Martial arts went back to the future with the since-forgotten Jean-Claude Van-Damme in this movie with pointless violence and laugh-out-loud-bad dialogue. (One of the character’s names was “Fender Tremolo” if that gives you any idea.) The off-screen drama surrounding Cyborg was more interesting than anything that happened in the film: Van-Damme “clocked an extra so hard with one of his kicks that he almost put the guy’s eye out. Blood was spilled and lawsuits ensued,” said panelist Blakely. “Too bad it was not for the sake of art.”
3. ‘Date with an Angel’ (1987)
Notable Names: Phoebe Cates
The set-up for Angel is almost bad enough to qualify it for the worst list: Jim (Michael E. Knight) is soon to be married to Patty (Cates). But when he wakes up after a bachelor party thrown by his friends, he finds an injured angel (Emmanuelle Beart) in his pool and begins to wonder if he’s with the right girl.
“Truly cheap and smarmy,” said Star-News critic Ben Steelman.
4. ‘Black Knight’ (2001)
Notable Names: Martin Lawrence, Tom Wilkinson
Although his notoriously diva-ish on-set behavior could be safely described as “bad,” Martin Lawrence’s turn as Jamal, an employee in a Medieval-style amusement park who awakens to find himself in 14th century England after sustaining a blow to the head, is just plain awful.
As one wag put it, “It will make you long for the subtlety and wit of Big Momma’s House.” Notoriously unfunny.
5. ‘Dracula’s Widow’ (1989)
Notable Names: Christopher Coppola (Nicholas Cage’s brother) directed
Dracula’s widow Vanessa (Sylvia Kristel) gets loose in a Hollywood wax museum and commences to sucking – in more ways than one.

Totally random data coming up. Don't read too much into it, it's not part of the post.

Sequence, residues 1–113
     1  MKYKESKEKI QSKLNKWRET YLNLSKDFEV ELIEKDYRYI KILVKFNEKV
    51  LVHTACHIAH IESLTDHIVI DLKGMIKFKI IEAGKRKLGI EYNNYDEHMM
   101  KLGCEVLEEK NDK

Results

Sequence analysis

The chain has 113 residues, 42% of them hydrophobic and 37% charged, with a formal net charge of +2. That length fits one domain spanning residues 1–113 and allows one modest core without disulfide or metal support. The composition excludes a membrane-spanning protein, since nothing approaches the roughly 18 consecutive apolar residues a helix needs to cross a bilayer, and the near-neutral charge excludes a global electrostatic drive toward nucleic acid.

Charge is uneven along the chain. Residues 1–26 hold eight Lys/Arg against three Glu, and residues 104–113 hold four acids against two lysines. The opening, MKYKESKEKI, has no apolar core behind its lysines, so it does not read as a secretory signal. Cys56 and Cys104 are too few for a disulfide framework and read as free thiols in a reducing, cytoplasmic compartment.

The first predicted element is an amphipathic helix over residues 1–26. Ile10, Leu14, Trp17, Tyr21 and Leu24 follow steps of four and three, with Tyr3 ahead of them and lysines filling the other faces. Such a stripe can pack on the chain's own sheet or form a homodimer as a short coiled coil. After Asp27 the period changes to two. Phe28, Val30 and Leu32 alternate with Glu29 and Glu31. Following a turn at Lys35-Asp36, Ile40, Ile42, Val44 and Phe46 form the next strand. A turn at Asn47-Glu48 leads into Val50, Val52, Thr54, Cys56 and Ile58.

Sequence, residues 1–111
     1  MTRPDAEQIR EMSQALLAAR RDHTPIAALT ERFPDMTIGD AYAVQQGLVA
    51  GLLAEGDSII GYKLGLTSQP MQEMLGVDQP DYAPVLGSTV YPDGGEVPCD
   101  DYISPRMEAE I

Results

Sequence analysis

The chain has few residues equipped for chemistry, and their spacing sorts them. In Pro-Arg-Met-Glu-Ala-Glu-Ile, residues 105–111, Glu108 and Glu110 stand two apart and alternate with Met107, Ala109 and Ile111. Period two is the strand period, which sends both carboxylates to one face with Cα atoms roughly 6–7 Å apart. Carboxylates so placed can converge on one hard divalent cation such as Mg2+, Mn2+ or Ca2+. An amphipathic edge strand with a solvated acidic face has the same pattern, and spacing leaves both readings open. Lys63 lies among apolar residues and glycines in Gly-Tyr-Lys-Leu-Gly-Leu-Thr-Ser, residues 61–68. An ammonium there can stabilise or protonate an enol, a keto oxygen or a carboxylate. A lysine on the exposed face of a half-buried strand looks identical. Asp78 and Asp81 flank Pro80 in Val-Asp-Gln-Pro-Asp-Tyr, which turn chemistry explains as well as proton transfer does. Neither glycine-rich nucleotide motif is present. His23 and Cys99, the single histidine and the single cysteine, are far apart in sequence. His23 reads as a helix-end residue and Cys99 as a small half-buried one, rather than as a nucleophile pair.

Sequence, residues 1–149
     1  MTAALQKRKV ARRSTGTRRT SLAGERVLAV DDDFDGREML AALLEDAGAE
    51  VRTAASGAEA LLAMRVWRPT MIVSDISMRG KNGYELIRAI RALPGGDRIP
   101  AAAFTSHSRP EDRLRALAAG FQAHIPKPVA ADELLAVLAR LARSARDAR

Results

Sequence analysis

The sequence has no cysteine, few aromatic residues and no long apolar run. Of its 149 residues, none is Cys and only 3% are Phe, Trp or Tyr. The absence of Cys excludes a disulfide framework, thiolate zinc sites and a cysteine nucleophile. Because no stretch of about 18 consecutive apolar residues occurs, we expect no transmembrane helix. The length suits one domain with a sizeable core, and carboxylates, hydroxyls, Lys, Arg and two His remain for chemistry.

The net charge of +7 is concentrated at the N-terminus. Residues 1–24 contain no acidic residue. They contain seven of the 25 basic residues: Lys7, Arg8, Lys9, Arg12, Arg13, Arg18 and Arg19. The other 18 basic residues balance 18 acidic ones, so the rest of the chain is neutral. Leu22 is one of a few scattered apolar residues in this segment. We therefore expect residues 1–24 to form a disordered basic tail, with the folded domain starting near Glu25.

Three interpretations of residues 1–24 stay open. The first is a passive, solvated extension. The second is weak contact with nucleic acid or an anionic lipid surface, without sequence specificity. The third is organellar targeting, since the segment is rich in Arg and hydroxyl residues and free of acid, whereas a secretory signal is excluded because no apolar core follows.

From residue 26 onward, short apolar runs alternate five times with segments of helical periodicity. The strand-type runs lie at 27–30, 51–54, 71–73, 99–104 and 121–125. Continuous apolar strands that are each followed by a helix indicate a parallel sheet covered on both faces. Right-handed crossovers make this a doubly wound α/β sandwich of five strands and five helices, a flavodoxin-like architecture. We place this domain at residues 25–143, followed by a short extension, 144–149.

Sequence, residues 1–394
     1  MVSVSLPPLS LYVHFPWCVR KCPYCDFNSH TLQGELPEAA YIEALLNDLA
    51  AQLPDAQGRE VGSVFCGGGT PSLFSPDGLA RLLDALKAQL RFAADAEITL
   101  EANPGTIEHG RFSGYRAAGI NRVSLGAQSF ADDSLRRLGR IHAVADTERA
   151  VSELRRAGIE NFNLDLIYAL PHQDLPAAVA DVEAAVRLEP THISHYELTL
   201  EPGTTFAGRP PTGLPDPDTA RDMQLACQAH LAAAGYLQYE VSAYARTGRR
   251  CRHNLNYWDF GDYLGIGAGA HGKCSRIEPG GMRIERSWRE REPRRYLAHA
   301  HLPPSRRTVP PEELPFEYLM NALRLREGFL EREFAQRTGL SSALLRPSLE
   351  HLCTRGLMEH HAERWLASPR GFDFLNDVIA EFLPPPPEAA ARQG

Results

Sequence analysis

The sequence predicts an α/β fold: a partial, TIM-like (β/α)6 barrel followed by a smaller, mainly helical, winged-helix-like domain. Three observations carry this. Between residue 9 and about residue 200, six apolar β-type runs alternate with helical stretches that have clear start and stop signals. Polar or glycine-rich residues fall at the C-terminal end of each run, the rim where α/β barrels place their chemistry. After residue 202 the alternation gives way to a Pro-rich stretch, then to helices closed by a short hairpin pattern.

“Virtually the only movie in which Sylvia Kristel appeared that she kept all her clothes on,” StarNews critic Steelman said. “The bad guys in Hostel screened this one for their victims between torture sessions.”
‘King Kong Lives’ (1986)
Notable Name: Linda Hamilton
As noted in a StarNews article by Allison Ballard, KKL was a series of disasters, the last of which was the film itself.
While shooting on “Skull Island” (Airlie Gardens), crew members had to cover up thousands of blooming azaleas. Then there was the giant heart transplant scene (apparently, Kong didn’t die after his fall from the top of the World Trade Center after all).
Not to mention Lady Kong. And Baby Kong.
A review in The New York Times did note how lifelike the apes were … but only when compared to the actors.
“The only film I’ve ever seen that disproves my motto: ‘Everyone loves a monkey,’ ” wrote panelist Blakely. “Millions wasted.”
Also worth checking out is The Grave (1996) a low-budget indie with a decent cast (Anthony Michael Hall, Giovanni Ribisi, Eric Roberts, Craig Sheffer), a story co-written by a former Wilmingtonian (Michael Wexler) and two fellas who would return to Wilmington 10 years later with a much bigger project. Jonas Pate (director, co-writer) and Josh Pate (co-writer) of The Grave are two of the creative minds behind NBC series Surface, which just wrapped its first season of filming.